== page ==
Project Oxygen: How to Be a Strong Decision Maker

“As leaders, we are ridiculously in charge. Are you building the environment you want or just allowing things to happen?”

Dr. Henry Cloud, author of “Boundaries for Leaders”

As the leader, everyone is coming to you to make a decision or validate one. What you say or do determines whether your organization will continue down a path or change focus. At times, it can feel overwhelming to be the one ultimately responsible for the success or failure of your company. As demonstrated in the quote above by the leadership expert Henry Cloud, sometimes the magnitude of our control takes us by surprise as we realize there are no excuses, only us.

This ability to be “the decider” is vital to the effectiveness of any leader. We know from the findings of Google’s Project Oxygen that the tenth quality of an excellent manager is to be a strong decision maker. Some of us might feel that we are naturally good at making decisions, while others struggle with uncertainty and second-guessing. So, what is the best way to make a decision and how do we know it’s a solid one?

At Institute Success, we understand that it takes a structured course of action to make the best decisions, and we share with our clients a ten-step process for problem-solving and decision-making. Through our workshops, we can help you find your own system for making the best decisions for long-term success at your company. Give us a call to see how we can help. In the meantime, here are a few tips:

The Art of Delegation

Many people are familiar with the advice from renowned coach and management consultant David Allen for getting things done. His “Four D’s” method of approaching any To-Do list, whether personal or professional, include putting every task into one of four categories (Do It, Delegate It, Defer It or Delete It). When it comes to making decisions, most business leaders need help with either “Doing” or “Delegating,” and especially with delegating.

We have some tips to help you with delegating, and before you can put them to work, you must have the right team in place. We already know that when making a decision, leaders must have the self-awareness necessary to begin with the end in mind and have clarity about the destination. An essential step is making sure they have a team with the skills, habits and values that will help them achieve their unique organizational goals.

Ideally as a leader, you have surrounded yourself with others who have different expertise than you. It is not necessary for you to have all the answers, instead you must operate with a shared purpose and incorporate the best of what you’ve seen and heard from the experts around you when making a decision. You must understand how your decisions will impact everyone in the organization.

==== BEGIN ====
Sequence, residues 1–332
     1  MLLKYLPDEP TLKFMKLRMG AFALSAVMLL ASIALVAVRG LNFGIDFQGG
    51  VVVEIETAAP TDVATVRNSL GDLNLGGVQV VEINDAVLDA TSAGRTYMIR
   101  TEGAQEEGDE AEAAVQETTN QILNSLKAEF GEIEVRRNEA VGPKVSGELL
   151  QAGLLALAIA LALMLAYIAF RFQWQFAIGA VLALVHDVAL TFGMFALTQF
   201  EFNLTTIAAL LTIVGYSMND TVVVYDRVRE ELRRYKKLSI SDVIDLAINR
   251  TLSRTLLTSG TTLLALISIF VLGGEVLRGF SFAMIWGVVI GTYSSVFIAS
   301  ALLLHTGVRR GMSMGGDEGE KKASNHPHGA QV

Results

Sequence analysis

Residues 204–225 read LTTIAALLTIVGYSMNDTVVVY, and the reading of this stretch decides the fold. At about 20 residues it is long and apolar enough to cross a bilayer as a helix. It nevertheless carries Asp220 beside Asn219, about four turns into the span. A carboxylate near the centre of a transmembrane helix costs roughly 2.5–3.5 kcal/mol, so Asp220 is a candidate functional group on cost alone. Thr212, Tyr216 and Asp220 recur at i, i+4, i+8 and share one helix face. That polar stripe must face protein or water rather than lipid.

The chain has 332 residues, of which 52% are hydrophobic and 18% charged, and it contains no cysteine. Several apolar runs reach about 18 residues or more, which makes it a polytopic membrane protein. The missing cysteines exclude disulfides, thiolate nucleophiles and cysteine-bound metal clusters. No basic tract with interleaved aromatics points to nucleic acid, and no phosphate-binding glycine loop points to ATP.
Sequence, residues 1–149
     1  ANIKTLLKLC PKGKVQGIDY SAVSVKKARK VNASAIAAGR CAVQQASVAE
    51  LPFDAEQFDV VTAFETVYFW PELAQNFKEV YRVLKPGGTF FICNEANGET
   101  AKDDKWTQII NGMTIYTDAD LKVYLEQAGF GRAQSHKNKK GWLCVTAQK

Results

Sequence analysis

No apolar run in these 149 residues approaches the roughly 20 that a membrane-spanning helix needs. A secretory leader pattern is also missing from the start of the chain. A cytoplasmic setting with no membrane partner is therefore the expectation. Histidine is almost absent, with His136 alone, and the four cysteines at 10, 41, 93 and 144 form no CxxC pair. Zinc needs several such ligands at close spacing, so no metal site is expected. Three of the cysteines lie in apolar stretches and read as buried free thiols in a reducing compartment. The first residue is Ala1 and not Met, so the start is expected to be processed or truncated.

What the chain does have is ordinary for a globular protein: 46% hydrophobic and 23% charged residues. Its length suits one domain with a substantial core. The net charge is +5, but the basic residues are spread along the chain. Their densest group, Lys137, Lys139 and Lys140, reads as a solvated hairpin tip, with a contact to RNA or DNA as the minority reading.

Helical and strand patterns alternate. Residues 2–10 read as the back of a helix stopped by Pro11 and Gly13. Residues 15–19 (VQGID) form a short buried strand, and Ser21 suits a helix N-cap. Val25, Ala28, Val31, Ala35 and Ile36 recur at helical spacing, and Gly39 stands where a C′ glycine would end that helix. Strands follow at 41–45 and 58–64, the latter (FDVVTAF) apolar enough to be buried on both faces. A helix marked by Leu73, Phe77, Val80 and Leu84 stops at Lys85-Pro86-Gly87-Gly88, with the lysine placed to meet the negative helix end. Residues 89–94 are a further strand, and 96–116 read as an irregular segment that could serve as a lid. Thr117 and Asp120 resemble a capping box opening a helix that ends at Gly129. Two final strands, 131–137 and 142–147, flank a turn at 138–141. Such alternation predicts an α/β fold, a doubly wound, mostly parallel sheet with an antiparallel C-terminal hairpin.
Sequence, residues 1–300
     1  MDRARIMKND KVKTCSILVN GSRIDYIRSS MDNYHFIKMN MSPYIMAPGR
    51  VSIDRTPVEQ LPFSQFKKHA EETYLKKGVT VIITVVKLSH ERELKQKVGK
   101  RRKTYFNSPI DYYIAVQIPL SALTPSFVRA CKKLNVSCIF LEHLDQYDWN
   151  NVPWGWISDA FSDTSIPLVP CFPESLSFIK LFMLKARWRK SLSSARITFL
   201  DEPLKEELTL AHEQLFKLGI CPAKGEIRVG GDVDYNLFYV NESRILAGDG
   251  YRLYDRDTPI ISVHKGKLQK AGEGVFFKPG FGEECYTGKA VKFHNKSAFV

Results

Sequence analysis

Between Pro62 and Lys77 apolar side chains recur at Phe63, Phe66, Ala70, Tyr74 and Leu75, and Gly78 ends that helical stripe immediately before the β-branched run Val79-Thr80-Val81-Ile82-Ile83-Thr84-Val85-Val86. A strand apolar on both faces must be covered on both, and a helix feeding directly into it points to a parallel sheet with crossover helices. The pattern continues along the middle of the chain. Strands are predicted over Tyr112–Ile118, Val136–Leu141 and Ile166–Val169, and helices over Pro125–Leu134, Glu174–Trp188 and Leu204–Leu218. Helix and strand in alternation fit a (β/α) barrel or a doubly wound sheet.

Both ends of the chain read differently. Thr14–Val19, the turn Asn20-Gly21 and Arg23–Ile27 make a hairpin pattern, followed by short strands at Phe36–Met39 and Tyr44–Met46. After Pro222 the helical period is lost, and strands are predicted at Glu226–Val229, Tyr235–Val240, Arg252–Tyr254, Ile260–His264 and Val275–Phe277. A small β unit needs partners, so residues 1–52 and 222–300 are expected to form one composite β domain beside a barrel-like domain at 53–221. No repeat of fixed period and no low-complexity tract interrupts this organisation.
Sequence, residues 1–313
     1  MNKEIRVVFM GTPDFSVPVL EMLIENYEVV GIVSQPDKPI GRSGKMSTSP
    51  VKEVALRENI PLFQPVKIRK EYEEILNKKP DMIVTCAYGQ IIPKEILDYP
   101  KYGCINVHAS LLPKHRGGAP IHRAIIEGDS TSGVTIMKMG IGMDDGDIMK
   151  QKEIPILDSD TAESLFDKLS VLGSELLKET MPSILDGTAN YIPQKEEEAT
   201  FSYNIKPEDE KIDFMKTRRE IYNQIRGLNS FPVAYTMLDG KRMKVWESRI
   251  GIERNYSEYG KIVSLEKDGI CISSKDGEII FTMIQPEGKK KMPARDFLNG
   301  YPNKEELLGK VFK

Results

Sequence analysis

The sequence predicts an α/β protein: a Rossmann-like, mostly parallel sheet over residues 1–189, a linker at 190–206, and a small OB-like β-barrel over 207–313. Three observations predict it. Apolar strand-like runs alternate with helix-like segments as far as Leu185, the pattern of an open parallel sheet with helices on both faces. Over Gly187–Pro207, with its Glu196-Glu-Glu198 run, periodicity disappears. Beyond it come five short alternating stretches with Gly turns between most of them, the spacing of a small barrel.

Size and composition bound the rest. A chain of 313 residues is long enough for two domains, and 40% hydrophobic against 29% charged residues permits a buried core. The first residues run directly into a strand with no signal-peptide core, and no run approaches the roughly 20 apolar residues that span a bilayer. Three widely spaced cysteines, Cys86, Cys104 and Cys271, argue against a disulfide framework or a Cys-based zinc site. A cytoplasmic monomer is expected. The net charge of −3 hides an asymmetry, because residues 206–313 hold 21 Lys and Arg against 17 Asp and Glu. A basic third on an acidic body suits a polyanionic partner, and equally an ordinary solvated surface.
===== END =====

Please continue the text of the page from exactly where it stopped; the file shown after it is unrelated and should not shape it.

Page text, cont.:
Only then can you engage in the art of delegation to execute your plan or problem-solving strategy. You can start this way:

  1. Make a Request: First, check the skills and knowledge of those you are delegating to and give authority commensurate with the responsibility. If you choose someone under you to share your latest decision with the rest of the firm and that person has poor communication skills, then your message will not come through. (This creates ambiguity rather than clarity, which leads to dissatisfaction and disagreement.) Lastly, give a time commitment to hold everyone accountable.
  2. Get Agreement: Ask questions to get clarity from all parties. Come to agreements where everyone feels valued and is using their natural strengths. This leads to higher productivity and engagement. Create a framework for ongoing support. 
  3. Check In: Measure results and modify if needed. Share feedback of what’s working and what isn’t. This is one of the most important things a leader can do, to go back. It’s critical to the decision-making process. Talk about results and conclusions and remember to acknowledge success!

When you are authentic with yourself about your vision, choose the right team, set goals that incorporate the best of what you have seen and heard, and involve all stakeholders in the decision-making process, you are well on your way to making a decision that works for you. Remember to communicate clearly to everyone on the team how they are responsible for meeting those goals and make sure you know your responsibility for meeting them. 

Institute Success Tip: Leaders are often quick to hire and slow to fire. We need a better hiring process and we need to better understand how to best train and develop our employees.  We also need to learn the art of having “critical conversations” when things are not in alignment. Ask us how we can help you have better critical conversations with your staff.